By Tessa Stuart
eggrole / Flickr
Inside 420 W. Pico Ave. in downtown L.A., patients can pick their treatment from a menu; the strains of marijuana have names like “skittles,” “sour diesel” and “sucker punch.” The main attraction at Kush Connection, though, is “Master Yoda” — known for a sweet, citrusy taste, and for delivering the smooth, powerful, full-body high that earned it the blue ribbon in the hybrid category at the Los Angeles Cannabis Cup.
The grower has warm memories of that day in February. “It was a personal crossroads for me,” he says of accepting the trophy from hip-hop group Bone Thugs-N-Harmony on the L.A. Center Studios stage.
After years of facing stigma for his work, he was finally being validated. Everyone was happy, no one was fighting, and the event was held out in the open, in the heart of downtown Los Angeles.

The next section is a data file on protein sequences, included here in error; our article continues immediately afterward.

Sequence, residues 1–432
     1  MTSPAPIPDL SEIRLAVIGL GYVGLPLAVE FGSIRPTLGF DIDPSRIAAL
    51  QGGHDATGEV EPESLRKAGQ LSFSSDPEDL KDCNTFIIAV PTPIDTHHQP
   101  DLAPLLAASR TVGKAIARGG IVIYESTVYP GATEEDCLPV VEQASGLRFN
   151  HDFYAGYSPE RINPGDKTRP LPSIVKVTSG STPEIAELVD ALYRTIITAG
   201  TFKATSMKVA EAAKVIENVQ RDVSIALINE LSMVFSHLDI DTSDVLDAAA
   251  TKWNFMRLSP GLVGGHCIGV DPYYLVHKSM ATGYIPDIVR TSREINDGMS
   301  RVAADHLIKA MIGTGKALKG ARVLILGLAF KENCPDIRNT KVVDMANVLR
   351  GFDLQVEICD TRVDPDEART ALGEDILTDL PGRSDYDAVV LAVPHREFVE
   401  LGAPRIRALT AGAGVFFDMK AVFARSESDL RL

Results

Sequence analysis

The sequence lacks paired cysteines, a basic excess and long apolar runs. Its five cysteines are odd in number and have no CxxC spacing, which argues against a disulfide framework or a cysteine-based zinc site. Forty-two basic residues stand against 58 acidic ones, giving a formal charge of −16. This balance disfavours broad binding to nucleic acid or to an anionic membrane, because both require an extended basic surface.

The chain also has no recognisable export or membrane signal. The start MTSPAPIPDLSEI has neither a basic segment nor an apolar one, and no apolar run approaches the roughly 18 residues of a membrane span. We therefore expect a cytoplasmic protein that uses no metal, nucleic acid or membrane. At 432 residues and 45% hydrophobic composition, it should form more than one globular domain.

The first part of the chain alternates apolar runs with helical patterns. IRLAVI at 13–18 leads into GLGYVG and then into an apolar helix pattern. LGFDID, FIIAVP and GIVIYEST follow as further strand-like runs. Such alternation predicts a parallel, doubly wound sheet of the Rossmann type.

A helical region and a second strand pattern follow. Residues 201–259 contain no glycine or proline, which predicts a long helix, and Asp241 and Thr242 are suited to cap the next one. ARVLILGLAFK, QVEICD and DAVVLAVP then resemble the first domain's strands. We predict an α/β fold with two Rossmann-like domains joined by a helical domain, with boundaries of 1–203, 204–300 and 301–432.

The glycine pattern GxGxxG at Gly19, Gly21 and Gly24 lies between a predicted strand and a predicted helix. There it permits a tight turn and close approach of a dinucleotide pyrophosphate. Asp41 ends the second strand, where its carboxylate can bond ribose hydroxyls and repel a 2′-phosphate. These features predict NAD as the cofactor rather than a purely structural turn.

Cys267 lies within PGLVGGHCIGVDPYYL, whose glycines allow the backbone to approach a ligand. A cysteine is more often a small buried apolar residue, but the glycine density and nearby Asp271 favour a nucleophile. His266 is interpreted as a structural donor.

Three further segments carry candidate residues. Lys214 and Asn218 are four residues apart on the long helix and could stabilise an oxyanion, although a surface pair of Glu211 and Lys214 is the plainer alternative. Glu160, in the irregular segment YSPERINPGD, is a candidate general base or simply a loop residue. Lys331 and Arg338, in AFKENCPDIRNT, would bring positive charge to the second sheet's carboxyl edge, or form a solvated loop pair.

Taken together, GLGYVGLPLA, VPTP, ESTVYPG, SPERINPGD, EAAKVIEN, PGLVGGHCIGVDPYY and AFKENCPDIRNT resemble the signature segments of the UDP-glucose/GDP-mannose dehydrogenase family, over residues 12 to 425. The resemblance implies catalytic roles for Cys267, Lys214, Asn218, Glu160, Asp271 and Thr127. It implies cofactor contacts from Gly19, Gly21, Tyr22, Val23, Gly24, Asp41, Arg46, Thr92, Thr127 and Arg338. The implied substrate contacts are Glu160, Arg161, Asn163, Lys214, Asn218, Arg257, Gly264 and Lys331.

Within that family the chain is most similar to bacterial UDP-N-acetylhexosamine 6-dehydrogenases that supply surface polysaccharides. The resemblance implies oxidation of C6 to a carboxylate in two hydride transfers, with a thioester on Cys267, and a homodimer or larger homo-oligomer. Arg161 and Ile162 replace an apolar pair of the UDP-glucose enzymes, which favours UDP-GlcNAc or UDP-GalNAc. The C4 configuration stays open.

All that peace, love and transparency is poised to go up in one big cloud of smoke. Although L.A.’s Sept. 6 ban on dispensaries has been put on hold, police crackdowns seem inevitable, and paranoia is pervasive. The grower, who has taken pains to be legally compliant, says law enforcement has been staking out Kush Connection in recent weeks with a telephoto lens.
One might think that patients are stocking up, but the grower says it has been the opposite: Business is down 65 percent since the ban was announced July 24.
One answer to the chaos and uncertainty is to grow your own.
“If you go by the state attorney general’s guidelines, they don’t say anything about dispensaries,” says Robert Calkin, founder of the Cannabis Career Institute in North Hollywood. “What it does say in the attorney general’s guidelines is that we can create private groups of citizens who can grow and distribute amongst ourselves.”
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By Tessa Stuart